Social Media sites are democratic: On social sites like Twitter, Facebook or YouTube the best content gets shared the most as the “wisdom of crowds” decides. Sadly not. Who has the most followers or fans can push anything.
The social sites themselves are not democratic but governed by for profit top down hierarchies.
The owner decides ultimately be it Mark Zuckerberg, Rupert Murdoch, the Google billionaires or someone else. You have no rights on such sites and your account can get terminated for any petty reason without prior notice.
You have to listen to influencers: The likes of Jason Calacanis, Steve Rubel or Kevin Rose have tens of thousands of fans and people readily retweet, link or “like” them. Why? They are known for being famous on the Web so what they say must be true! It isn’t.
They spread nonsense all the time. They tell you that blogging or SEO is dead or their product is Web 3.0 to gain attention and links while behind the scenes they spam the Web. Beware of self proclaimed Web celebs.
SEO is dead or kills Google and the Web: All of the Web celebs above used this lie to get links and attention on the Web. They said it in 2006, 2007, 2008, 2009, 2010… The Web, SEO and Google still thrive. Also Google itself offers SEO advice since 2008. Just download the SEO Starter Guide by Google [PDF].
Mainstream media are unbiased or “objective”: You only can trust old media then, the NYT, CNN, BBC. True? Nope. Even the New York Times has spread the lies about the WMDs in Iraq. CNN is infamous for its pro-war propaganda, yes, CNN, not just Fox News.
The BBC aired a Yes Men hoax twice before it was taken down. Every media outlet, be it a newspaper, a news network or a blog, has an agenda. You need to know what the agenda is and who pays them to be able to see through their bias.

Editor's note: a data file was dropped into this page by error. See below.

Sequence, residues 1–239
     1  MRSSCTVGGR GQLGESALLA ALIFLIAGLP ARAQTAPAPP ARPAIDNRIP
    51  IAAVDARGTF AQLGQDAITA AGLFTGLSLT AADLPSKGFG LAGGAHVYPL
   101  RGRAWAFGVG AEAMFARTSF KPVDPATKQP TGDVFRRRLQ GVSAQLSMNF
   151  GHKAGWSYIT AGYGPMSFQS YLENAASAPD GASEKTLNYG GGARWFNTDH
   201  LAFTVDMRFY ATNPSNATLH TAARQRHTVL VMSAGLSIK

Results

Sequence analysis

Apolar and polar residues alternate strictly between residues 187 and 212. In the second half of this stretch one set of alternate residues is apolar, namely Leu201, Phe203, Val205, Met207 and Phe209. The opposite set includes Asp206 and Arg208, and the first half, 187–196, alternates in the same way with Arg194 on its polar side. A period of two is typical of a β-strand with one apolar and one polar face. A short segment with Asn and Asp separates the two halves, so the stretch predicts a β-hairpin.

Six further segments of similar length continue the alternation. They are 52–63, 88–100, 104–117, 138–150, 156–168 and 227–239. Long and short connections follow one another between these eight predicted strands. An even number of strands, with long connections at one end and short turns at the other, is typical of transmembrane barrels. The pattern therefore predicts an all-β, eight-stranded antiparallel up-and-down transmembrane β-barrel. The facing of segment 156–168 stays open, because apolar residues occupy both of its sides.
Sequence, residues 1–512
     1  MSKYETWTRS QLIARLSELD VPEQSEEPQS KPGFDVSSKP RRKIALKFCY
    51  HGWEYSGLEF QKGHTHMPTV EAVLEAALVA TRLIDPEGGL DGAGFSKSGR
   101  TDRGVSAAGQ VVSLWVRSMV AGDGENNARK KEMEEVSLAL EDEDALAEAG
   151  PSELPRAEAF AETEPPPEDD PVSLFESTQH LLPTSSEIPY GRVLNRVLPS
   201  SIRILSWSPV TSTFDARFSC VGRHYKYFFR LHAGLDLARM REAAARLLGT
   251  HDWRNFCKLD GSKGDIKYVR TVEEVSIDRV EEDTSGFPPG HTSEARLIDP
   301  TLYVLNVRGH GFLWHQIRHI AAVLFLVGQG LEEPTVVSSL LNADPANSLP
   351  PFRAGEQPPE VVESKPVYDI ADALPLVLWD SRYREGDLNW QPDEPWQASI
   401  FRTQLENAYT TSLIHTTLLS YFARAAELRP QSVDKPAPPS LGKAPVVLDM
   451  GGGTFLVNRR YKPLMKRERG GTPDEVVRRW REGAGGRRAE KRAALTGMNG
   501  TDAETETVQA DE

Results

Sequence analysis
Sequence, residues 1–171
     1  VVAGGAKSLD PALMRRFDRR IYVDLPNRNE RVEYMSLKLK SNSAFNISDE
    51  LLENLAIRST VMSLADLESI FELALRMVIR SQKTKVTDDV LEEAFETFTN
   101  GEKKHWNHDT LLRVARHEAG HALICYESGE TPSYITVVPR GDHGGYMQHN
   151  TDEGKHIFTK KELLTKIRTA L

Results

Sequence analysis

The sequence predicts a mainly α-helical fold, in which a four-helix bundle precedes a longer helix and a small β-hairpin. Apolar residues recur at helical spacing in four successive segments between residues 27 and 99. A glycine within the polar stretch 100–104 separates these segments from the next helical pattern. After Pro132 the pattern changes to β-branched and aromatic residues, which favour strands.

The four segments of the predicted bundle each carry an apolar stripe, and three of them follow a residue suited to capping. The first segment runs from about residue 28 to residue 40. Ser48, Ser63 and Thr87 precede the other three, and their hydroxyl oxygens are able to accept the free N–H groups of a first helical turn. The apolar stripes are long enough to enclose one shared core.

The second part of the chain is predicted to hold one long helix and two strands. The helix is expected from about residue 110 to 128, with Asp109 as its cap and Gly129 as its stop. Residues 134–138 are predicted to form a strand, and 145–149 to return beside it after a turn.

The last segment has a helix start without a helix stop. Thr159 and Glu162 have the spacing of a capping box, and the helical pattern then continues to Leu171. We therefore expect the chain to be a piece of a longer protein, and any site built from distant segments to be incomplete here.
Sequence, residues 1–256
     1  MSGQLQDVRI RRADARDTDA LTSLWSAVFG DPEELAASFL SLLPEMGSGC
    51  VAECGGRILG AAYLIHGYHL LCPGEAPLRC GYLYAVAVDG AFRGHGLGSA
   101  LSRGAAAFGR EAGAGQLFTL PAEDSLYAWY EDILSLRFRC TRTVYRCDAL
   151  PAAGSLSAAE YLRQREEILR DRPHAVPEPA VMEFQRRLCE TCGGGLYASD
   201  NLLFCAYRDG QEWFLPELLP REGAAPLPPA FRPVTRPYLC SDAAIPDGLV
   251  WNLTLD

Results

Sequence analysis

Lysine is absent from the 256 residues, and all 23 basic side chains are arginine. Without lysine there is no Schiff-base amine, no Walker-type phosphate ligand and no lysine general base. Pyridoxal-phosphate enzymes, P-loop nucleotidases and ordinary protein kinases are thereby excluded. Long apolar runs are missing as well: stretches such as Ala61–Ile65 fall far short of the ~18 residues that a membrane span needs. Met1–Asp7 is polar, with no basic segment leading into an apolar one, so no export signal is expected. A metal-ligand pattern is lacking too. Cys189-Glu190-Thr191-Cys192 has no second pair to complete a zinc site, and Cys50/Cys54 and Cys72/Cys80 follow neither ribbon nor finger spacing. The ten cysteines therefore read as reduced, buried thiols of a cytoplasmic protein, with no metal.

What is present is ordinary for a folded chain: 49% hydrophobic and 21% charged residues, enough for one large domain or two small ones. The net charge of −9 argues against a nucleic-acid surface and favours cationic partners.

The others are evil, we’re fine: The Web is so full of propaganda I could puke any day. Just read any news item about Iran. For instance you’ll find plenty of stories about homosexuals getting killed for being gay.
While I’m as pro-gay as a straight man can get and I firmly oppose the death penalty you just need to search on Iranian news sources for the name of the alleged innocent gays. They have been convicted of rape, murder or other gruesome crimes.
Is Iran the most dangerous nation on Earth? Well, think about this: Iran hasn’t started a war or armed conflict in the last 100 years. In the meantime the US has fought in over 50 wars and armed conflicts it has started itself. The US has still the most nuclear weapons on the planet. It could obliterate Earth a thousand times.
How to spot lies on the Web?
How can you spot lies, myths and Internet legends? Well, they sound too good to be true. They resonate with our fears and hopes. They tell us we’re the best and can get everything at the expense of others. They appeal to our lowest instincts. Please use common sense, read between the lines and check several sources with different agendas to find out the truth.